Here’s the latest reader question, along with my reply!
Mark asks: I want to get a 2019 Subaru Ascent and I have some questions. I notice they erased your review of it, unfortunately. I wanted to get a Forrester, but the engine is even worse than the Ascent. My main priority is their Eyesight feature. The basic wheel is 18 inches. Will an optional 20 inch wheel improve braking and urban handling? Generally speaking, I’ve heard that options don’t change your depreciation rate. Do you think that’s true of leather seats and pushbutton start? If you need the topic for your next Tom Woods Show appearance, I am fascinated as to why they are shoving continuously variable transmissions down our throats. From what I can tell the only thing they do is improved mileage, uphill performance and lower the sticker. The rest of it is all bad: it wears out before the car does, you have to add oil to all the time and it’s less fun. I don’t see how it nets out economically or for the environment. To me it looks like way to beat the CAFE standards but it doesn’t do any net good.
I put $25 in your tip jar. I really appreciate your appearances on the Tom Wood show.
My reply: I like the Ascent (my review is still up; see here). It is an improvement over the defunct Tribeca in that it’s viable as a family-sized crossover and gives Subaru a competitive vehicle in this segment. It’s also just a nicer vehicle overall vs. the Tribeca – as I’m sure you already know. I would personally prefer that it came with a flat six and no turbo rather than the turbo four it does come with – because I am conservative and so leery about the longevity of these smallish turbo’d engines – but the turbo four is as powerful (and torquey) as the six, or even more so.
The reason for the turbo four – and the CVT transmission – is fuel economy, just as you’ve written. But not really fuel economy for the buyer. Rather, for the government. More precisely, to do well on the government’s fuel efficiency tests. Turbo fours – when off boost – use less gas than larger engines because they are smaller engines. The problem is that they become larger engines when on boost. And unless you are very light-footed, your real-world mileage is going to be disappointing. I state this as a guy who has been test driving new cars for more than 25 years now.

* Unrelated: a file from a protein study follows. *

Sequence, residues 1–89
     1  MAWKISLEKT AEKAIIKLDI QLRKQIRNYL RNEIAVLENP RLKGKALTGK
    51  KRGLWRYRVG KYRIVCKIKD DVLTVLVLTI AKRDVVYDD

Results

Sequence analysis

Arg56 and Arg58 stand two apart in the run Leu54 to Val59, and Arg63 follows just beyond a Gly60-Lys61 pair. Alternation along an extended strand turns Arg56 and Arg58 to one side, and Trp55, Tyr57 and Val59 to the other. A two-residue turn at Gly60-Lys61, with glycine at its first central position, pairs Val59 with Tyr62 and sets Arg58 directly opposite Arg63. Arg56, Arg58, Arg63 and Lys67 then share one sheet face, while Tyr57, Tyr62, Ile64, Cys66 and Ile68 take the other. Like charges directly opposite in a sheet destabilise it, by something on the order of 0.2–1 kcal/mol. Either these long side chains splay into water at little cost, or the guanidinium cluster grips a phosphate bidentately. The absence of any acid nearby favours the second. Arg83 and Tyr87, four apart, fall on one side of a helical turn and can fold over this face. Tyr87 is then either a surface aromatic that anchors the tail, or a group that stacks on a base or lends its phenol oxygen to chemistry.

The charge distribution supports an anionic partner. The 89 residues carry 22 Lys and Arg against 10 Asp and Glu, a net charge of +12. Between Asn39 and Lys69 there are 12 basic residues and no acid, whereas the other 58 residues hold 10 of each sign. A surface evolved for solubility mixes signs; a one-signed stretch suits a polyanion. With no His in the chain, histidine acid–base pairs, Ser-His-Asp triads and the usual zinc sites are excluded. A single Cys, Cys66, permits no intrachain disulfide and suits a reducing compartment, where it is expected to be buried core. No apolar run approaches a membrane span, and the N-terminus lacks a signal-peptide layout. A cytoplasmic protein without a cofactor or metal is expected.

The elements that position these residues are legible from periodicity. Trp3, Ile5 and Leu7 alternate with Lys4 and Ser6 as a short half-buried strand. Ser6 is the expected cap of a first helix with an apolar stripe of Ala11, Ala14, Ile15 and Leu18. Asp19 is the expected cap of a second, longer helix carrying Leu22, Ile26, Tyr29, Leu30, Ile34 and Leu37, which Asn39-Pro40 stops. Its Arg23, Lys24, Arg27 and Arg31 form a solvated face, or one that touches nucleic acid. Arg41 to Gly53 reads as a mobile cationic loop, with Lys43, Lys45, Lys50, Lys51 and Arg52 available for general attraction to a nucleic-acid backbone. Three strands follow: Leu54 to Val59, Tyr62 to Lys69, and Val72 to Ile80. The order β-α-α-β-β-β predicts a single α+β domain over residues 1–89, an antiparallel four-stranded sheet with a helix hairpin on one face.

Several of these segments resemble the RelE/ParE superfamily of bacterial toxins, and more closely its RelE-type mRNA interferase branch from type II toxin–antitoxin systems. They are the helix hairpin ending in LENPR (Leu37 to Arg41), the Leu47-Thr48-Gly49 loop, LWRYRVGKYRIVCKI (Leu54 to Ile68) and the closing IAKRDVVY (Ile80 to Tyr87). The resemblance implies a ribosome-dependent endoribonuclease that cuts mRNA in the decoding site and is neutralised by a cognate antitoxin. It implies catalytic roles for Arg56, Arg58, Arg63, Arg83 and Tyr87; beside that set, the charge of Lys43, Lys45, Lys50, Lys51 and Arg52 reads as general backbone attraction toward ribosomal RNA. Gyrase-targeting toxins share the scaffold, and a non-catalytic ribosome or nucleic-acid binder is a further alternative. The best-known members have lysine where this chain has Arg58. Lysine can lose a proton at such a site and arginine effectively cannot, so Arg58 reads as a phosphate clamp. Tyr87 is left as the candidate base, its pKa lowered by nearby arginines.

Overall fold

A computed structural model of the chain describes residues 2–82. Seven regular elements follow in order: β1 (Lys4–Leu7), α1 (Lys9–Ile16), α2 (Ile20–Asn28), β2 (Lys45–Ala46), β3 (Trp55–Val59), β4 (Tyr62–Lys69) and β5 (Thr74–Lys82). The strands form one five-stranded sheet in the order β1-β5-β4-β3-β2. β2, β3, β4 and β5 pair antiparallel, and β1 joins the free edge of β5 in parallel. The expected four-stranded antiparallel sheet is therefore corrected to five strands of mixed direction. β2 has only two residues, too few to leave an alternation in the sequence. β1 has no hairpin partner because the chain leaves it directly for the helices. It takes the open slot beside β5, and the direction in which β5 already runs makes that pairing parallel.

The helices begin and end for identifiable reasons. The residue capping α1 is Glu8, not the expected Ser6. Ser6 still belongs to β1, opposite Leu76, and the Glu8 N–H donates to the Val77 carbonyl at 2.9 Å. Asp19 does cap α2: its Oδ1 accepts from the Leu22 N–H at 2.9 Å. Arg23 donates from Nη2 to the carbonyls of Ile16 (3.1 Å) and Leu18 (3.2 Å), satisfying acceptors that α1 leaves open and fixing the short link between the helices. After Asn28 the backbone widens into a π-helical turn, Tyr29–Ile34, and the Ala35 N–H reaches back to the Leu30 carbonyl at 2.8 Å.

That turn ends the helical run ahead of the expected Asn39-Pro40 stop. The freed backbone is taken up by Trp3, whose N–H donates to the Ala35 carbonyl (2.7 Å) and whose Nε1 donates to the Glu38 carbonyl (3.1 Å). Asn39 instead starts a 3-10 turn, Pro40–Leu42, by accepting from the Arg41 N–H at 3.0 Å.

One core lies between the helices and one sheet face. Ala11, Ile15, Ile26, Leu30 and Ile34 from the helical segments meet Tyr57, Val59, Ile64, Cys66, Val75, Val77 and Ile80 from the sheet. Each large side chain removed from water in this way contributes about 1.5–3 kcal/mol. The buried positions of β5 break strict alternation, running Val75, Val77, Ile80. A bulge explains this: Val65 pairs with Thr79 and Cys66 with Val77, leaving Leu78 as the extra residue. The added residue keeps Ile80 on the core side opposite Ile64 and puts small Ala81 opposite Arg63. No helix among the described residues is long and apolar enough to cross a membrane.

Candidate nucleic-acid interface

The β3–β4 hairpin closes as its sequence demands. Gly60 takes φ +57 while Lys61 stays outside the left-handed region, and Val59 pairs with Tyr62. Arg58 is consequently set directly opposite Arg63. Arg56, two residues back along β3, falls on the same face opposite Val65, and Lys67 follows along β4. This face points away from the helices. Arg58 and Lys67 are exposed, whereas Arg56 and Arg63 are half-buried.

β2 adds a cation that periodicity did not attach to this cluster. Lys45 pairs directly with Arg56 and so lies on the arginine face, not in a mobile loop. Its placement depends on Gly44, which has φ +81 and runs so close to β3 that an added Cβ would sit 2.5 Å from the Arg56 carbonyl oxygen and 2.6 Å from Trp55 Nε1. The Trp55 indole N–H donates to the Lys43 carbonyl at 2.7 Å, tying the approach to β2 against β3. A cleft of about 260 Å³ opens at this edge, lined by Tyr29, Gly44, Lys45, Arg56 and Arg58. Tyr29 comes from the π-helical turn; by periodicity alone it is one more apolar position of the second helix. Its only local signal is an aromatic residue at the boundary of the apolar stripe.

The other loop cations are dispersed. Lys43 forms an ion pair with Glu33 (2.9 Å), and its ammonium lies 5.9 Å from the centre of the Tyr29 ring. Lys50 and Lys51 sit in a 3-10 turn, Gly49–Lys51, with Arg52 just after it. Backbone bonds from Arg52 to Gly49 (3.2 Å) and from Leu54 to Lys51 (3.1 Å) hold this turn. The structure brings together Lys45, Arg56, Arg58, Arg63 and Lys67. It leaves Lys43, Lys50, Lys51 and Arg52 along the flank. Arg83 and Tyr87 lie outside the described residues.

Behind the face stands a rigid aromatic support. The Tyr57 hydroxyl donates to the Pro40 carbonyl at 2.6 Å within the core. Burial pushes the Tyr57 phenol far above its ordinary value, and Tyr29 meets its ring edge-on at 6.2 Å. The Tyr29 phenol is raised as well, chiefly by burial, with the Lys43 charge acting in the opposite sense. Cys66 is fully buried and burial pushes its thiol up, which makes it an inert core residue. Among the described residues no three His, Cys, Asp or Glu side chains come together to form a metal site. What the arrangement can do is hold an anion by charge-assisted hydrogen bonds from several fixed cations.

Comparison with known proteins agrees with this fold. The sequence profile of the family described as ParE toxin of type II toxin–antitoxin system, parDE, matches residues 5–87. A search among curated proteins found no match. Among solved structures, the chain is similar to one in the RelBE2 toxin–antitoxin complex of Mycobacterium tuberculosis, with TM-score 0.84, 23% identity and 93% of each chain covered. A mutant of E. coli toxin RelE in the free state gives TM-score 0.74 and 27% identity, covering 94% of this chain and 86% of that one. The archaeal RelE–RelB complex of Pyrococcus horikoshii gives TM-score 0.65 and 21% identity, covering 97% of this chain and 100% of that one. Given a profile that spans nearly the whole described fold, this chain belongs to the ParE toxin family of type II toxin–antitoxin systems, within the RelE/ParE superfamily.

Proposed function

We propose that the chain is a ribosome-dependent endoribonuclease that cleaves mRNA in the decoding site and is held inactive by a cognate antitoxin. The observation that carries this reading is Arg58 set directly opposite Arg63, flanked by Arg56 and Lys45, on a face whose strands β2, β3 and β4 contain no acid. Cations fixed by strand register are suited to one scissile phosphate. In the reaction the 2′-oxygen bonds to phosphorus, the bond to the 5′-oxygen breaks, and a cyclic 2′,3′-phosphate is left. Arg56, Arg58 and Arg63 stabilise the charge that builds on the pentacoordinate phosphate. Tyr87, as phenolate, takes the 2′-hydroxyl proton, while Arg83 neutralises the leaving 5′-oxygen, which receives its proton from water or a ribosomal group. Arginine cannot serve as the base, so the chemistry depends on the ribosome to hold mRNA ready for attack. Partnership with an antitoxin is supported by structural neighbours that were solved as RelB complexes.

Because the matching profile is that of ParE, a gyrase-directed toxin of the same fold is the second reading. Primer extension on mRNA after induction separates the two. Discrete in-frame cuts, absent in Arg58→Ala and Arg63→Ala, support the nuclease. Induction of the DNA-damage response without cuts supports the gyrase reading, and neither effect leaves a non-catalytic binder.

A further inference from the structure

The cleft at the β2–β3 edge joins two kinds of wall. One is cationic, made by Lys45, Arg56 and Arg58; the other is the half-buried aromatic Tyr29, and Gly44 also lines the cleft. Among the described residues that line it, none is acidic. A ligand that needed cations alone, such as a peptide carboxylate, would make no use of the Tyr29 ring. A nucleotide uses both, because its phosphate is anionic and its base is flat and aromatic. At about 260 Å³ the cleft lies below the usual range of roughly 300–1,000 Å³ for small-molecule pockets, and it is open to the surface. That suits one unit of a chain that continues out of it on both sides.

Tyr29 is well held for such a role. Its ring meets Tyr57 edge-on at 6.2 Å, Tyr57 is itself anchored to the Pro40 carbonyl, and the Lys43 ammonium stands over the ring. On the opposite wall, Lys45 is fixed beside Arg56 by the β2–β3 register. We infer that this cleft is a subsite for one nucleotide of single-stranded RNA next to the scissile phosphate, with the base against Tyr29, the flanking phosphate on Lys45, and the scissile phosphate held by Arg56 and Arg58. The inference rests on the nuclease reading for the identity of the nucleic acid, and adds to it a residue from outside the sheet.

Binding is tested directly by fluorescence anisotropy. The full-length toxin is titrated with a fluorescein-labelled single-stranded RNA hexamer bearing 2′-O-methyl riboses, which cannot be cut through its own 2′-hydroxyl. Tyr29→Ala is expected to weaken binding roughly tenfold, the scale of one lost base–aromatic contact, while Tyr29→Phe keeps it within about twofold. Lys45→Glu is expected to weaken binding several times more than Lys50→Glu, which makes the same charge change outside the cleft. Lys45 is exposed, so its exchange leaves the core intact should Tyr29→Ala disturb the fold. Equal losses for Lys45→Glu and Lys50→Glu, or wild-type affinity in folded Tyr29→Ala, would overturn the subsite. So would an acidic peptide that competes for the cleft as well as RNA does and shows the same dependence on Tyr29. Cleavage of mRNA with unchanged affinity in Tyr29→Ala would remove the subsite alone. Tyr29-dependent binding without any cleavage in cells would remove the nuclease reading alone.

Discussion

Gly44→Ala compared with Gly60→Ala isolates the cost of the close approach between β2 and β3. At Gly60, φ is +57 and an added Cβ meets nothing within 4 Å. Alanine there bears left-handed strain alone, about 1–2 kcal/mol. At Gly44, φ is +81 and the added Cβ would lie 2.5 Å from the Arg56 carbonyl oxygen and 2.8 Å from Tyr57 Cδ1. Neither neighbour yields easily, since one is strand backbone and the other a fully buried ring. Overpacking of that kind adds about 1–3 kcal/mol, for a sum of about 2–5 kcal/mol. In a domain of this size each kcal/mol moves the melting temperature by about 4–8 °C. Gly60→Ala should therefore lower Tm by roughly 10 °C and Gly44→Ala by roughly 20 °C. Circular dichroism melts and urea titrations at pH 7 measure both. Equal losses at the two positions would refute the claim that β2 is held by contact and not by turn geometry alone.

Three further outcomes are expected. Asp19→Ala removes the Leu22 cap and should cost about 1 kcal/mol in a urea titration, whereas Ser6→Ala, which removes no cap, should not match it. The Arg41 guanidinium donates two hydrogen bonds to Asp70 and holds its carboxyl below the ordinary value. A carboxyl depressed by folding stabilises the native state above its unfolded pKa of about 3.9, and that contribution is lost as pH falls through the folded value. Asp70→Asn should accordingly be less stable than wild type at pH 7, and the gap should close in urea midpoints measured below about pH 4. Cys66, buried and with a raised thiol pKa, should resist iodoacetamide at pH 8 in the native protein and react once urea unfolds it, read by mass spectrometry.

But on the government’s tests… and that is what matters as far as CAFE, the government’s Corporate Average Fuel Economy mandate. Which all car companies are under tremendous pressure to comply with. The CAFE “mandatory minimum” is slated to almost double within the next ten years, too – to 50-plus MPG on average.
You can imagine the effect this is going to have on car design. I’ve been trying do the canary in the coal mine thing for some time now… .
On the wheels – and tires.
I italicize tires with good reason. Going up to a 19 or 20 inch wheel usually means going down in terms of sidewall height. This improves steering response and handling because the shorter-height sidewall flexes less, but often at the cost of a rougher ride and increased vulnerability to damage. Blowouts (and wheel damage – not cheap) are more likely. Also, these tires (and wheels) will increase rolling resistance and so reduce mileage. Often, by a noticeable 2-3 MPG, all else being equal.
Also, it is often the case that the 19/20-inch tires will wear faster and cost more to replace.
As far as braking: The larger wheel/tire will give a theoretical improvement in braking (reduced stopping distances) but probably only in extreme circumstances, as would be experienced on a test track (hence the italics, again). The Ascent – like most newer cars – has excellent brakes and you are not likely to notice much difference – one wheel size vs. another – in terms of how the vehicle responds to braking inputs during normal on-street driving.
On depreciation: Features (options and amenities) affect resale value and so factor into depreciation. A base trim model of “X” will be worth less than a higher-trim/loaded example of “X” as the years go by. But, certain features – or their lack – can also increase or decrease a given vehicle’s depreciation. A good example is the type of transmission a vehicle has. In some cases, most prospective buyers would want the car with an automatic, so if your car has that, it will depreciate less than the same car with the manual (assuming one is offered).
But, there are case where the reverse is true. A given car may be more desirable – and so depreciate less – if it has the manual. Just one example, but you see the point.
In your case, though, I don’t think it will matter either way as almost all new cars have pushbutton ignition (it’s de facto standard equipment at this point) and leather is very common, even among “economy” cars.
Things like color – and condition – will have a much greater effect on what your car is worth eight or ten years from now.
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